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Trouble by Alison Winch (The Emma Press)

Trouble by Alison Winch (The Emma Press)

Trouble explores intimacy through a range of different relationships, from that of a lover, polymorphous lover, wife, granddaughter, during the breakdown of a relationship, pregnancy, and in moments of fantasy. The poems are played out against a past and present London backdrop filled with betting shops, a horny marriage counsellor, ballrooms, male attraction and power.

The wife narrator pretends to be ‘one woman’ and has in her head ‘a pack of spaniels so dense they are a mind. And they fawn over men.’
Driven to Eastbourne, which is like ‘a day trip to Seven Sisters, without the bookies’, her ambivalence is revealed:

We’re the youngest guests at the Queen’s Hotel
and you’re 52. It’s the summer solstice and we’re breaking up

except we’re making love on the fifth floor
in an evening light as yolky as an afternoon.

The sexy doom of the split
is like falling in love and a stay of execution.

At the collection’s core is the sequence ‘Alisoun’s’, which uses material from the medieval pilgrimage from Canterbury to Rome and the figure of Alisoun from Chaucer’s The Miller’s Tale to further explore of female sexuality and reproductive power. The spirited ribaldry is counterpointed by material quoted from key medieval texts, by Marbod of Rennes, St. Thomas Acquinas, Galen and others, attacking or denying female lust and disobedience positioned on the right side margin. The sequence has a wonderful wanton sensuality and period feel ‘Of Wykked Wyves’.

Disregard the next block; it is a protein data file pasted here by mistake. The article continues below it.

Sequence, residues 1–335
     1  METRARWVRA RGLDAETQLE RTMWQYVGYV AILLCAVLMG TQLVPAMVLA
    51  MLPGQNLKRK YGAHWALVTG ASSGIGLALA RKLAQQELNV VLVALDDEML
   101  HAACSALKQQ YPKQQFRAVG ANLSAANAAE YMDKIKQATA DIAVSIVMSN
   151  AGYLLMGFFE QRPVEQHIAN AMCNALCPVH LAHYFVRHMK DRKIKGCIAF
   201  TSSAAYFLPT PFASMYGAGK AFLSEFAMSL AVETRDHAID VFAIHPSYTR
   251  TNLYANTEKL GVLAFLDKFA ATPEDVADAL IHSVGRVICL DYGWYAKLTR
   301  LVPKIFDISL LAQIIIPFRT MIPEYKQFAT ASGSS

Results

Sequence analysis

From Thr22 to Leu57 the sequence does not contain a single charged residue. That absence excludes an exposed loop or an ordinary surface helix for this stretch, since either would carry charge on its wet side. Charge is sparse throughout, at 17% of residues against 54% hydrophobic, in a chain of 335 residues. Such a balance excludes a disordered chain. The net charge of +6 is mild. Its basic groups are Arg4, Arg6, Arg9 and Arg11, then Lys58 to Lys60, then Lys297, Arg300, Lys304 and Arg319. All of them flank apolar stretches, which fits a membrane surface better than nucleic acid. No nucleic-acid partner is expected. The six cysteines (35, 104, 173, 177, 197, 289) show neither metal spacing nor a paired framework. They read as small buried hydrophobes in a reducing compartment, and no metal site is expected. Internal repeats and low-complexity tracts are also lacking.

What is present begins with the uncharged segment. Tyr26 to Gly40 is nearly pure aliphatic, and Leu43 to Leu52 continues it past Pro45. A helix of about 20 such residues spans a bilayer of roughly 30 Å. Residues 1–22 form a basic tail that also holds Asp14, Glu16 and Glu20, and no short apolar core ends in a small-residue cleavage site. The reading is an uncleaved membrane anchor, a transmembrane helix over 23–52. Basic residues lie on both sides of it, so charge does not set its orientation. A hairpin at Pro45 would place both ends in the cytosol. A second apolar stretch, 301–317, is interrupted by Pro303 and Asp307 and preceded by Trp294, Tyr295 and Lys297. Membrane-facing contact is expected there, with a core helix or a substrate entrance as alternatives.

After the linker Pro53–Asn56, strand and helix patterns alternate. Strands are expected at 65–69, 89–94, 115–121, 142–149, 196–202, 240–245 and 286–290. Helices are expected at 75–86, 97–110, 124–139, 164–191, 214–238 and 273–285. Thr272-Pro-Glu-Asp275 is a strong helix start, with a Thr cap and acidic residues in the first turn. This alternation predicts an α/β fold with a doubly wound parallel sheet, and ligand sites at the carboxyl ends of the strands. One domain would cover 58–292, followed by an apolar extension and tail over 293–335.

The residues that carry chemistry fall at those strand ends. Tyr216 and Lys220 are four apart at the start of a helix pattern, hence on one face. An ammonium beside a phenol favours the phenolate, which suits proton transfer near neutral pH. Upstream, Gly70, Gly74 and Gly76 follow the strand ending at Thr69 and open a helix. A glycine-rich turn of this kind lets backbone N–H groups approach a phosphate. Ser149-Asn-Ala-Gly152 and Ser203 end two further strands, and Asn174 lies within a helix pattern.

Spanking! he bondaged to feel the passiun of muscle my myt without murder – Dirty Dog!

he pelts my mind – Nicholas – as May’s cuckoo spyt pysse-drys to June

below the river’s a pour of mellow wine that cools the caterwaul cockles of my bihynde

There is, as Sarah Howe notes in her introduction, a great deal of tongue in cheek humour mixed with affectionate lyricism. Many of the poems, such as ‘from Expecting The Gourd’, are extracted from larger works. The poem deals with pregnancy in a direct and visceral way:

Note polycystic ovaries and oleander bushes. Remember the ovulation cycle, wonky uterus, the way you circled your tongue around the salt prod of his cock.

You’re puking cabbage-green skies like a drunk without romance
ulcerous anus, swollen tits, a snatch no one wants –

Winch’s language use and metaphorical thrust has an undercurrent of sexual desire and nourishment. The poems dealing with her dying grandmother are counterpointed with life enhancing images of pomegranate, magnolia, potato and hops. There is an overriding sense of female power and voice arising from various states of intimacy, and that chimes in well with other recent works by Dorothy Lehane, Sophie Mayer, and Sarah Howe. I greatly look forward to reading more of Winch’s poetry and warmly recommend this debut collection. The pamphlet has a great cover by Sophie Herxheimer and is beautifully designed by The Emma Press.

David Caddy 13th July 2016

Long Poem Magazine 12 edited by Lucy Hamilton & Linda Black

Long Poem Magazine 12 edited by Lucy Hamilton & Linda Black

http://longpoemmagazine.org.uk